to agree to pay ‘B’ an unreasonable sum for his professional services. Fiancé and fiancée. the plaintiff has to establish that – The other party was in a position to dominate his will. vi. the contract is voidable at the option of the party whose consent was so obtained. iii. relation of trust and confidence to the other. ‘B’ employs undue influence. is induced by ‘B’s influence over him as his medical attendant. Effect of undue influence When consent to an agreement is obtained by undue influence. The other party actually used his influence to obtain the plaintiff’s consent to the contract. Reproduction or other unauthorized use of this material is prohibited under the Copyright Laws 15 . Religious adviser and disciple. E. Mere proof of nearness of relationship is not sufficient for the Court to assume that one relation was in a position to dominate the will of the other. i. v. Where a contract is made with a person whose mental capacity is temporarily or permanently affected by reason of age. Burden of proof In an action to avoid a contract on the ground of undue influence. illness or mental or bodily distress. Any such contract may be set aside either absolutely or if the party who is entitled to avoid it has received any benefit thereunder. Example: ‘A’. Doctor and patient. Solicitor and client and vii.LAWgistics Where a person stands in a fiduciary relation. Relationships which raise presumption of undue influence: The following relationships usually raise a presumption of undue influence.g. Trustee and beneficiary. parent and child. and the transaction is unconscionable (unreasonable). iv. ii. a man enfeebled by disease or age. Guardian and ward. viz. upon such terms and conditions as to the Court may seem just and equitable.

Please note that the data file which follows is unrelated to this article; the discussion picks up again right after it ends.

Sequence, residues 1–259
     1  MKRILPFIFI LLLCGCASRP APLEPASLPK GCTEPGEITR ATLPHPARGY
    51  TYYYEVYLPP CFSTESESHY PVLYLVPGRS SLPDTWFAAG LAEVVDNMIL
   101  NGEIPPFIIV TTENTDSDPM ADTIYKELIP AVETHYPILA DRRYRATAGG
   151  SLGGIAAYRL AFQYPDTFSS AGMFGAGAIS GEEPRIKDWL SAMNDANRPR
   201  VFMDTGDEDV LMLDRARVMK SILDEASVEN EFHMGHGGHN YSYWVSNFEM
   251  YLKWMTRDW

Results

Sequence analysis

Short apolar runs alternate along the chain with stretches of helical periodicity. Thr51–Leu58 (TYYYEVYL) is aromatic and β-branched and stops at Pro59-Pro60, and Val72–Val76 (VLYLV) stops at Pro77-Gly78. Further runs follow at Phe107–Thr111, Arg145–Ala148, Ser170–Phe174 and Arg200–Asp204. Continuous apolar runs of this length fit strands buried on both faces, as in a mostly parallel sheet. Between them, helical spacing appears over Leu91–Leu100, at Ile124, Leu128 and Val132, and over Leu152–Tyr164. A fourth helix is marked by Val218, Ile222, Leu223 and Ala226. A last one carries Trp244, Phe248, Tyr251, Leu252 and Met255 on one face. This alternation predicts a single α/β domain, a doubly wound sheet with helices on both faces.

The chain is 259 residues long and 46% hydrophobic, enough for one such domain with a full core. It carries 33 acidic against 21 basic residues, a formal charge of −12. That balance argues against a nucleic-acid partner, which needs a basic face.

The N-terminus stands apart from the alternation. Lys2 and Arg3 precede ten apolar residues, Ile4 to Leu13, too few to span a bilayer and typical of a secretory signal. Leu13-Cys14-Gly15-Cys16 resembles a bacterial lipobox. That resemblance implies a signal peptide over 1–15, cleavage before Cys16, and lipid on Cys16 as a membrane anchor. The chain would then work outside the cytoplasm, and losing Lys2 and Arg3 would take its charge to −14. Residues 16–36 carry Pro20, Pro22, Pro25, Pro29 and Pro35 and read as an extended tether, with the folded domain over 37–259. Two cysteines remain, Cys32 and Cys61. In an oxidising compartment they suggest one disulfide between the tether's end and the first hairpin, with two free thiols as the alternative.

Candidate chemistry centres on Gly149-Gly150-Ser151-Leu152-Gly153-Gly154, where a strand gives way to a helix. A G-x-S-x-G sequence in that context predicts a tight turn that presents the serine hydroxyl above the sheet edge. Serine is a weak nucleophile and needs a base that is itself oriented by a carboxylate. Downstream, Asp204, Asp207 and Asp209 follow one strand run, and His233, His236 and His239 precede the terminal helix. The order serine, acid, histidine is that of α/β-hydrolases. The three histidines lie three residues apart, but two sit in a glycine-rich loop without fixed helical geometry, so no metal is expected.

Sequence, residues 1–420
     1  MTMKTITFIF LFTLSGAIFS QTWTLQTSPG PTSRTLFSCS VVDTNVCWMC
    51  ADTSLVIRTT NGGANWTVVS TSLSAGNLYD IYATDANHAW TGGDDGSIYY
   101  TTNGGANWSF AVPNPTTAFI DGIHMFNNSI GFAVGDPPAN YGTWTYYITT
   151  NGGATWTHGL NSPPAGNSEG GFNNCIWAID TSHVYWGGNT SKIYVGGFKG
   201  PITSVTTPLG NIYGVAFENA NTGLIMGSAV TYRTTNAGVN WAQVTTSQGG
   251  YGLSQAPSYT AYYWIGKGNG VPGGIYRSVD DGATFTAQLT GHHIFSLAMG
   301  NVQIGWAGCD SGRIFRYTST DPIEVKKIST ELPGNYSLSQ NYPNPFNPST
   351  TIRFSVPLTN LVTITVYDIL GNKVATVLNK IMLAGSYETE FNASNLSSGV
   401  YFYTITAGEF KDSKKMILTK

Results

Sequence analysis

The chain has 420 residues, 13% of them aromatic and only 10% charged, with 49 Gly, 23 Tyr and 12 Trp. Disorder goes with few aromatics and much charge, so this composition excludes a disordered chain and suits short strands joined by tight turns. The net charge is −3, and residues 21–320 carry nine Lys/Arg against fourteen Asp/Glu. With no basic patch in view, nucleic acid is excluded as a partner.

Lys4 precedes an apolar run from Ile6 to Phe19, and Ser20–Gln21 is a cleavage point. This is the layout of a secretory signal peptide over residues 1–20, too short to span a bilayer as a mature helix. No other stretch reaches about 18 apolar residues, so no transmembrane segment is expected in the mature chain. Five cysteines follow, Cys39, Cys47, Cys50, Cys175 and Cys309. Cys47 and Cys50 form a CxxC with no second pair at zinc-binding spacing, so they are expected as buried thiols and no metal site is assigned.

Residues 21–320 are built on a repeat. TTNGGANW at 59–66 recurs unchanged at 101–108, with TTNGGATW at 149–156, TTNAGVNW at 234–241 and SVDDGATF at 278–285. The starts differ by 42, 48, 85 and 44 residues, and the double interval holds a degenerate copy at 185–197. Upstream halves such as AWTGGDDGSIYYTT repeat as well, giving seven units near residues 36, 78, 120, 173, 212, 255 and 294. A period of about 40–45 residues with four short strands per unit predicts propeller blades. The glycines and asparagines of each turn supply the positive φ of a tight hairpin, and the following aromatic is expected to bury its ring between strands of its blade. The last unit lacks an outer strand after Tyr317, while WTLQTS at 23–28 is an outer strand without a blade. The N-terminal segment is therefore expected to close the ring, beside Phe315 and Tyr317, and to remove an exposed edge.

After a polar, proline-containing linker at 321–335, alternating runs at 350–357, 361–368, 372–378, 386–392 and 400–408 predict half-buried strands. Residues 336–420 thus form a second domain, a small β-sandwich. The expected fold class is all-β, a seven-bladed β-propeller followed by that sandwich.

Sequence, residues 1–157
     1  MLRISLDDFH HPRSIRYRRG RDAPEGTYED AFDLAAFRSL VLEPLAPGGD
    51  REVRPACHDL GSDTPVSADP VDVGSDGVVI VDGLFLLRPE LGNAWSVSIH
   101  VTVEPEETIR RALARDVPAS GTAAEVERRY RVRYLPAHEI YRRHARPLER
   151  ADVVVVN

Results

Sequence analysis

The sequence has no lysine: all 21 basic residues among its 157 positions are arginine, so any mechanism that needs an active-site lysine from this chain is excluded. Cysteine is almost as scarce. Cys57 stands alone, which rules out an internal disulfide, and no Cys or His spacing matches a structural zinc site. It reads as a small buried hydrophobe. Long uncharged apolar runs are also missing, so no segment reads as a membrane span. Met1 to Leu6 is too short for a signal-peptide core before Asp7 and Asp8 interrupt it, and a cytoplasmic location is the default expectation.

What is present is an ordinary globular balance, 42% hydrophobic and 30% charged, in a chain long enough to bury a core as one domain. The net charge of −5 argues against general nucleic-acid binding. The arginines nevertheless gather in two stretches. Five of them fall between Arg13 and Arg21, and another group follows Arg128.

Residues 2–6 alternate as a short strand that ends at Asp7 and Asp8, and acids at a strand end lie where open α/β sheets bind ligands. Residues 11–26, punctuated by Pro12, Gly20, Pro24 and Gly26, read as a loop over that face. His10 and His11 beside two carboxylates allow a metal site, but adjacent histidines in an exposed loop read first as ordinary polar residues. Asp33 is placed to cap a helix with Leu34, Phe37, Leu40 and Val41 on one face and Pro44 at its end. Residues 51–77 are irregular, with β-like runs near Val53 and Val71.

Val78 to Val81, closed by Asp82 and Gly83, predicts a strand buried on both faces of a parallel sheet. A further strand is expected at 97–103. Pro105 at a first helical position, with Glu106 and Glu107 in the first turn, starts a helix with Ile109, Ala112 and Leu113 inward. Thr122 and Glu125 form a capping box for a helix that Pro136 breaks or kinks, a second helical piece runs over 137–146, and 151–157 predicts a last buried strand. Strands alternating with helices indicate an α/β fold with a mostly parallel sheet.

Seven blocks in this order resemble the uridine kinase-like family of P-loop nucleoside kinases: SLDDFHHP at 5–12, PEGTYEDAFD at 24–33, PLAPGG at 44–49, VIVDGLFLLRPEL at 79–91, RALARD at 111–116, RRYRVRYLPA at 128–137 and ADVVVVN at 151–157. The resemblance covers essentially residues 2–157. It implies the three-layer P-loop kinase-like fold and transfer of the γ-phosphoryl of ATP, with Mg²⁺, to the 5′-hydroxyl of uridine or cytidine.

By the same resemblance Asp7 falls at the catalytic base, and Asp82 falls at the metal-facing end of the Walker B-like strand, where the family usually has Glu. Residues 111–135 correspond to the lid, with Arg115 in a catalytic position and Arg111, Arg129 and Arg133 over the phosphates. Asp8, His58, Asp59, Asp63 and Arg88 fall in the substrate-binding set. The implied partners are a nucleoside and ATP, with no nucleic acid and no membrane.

though he believes it to be true.LAWgistics MISREPRESENTATION AND FRAUD A statement of fact which one party makes in the course of negotiation with a view to inducing the other party to enter into a contract is known as a representation. The representation made by ‘A’ is a misrepresentation. It also includes non-disclosure of a material fact or facts without any intent to deceive the other party. either innocently or intentionally. there is misrepresentation– When a person positively asserts that a fact is true when his information does not warrant it to be so. ‘A’ genuinely believes the mare to be sound although he has no sufficient ground for the belief. Misrepresentation may be – An innocent or unintentional misrepresentation. A representation. is a misrepresentation. while selling his mare to ‘B’. when wrongly made. When there is any breach of duty by a person which brings an advantage to the person committing it by misleading another to his prejudice. MISREPRESENTATION Misrepresentation is a false statement which the person making it honestly believes to be true or which he does not know to be false. It must relate to some fact. The former is called “misrepresentation” and the latter “fraud”. or An intentional. Example: ‘A’. It may be expressed by words spoken or written or implied from the acts and conduct of the parties. Later on ‘B’ finds the mare to be unsound. deliberate or willful misrepresentation to deceive or defraud the other party. which is material to the contract. Reproduction or other unauthorized use of this material is prohibited under the Copyright Laws 16 . tells him that the mare is thoroughly sound. Accordingly.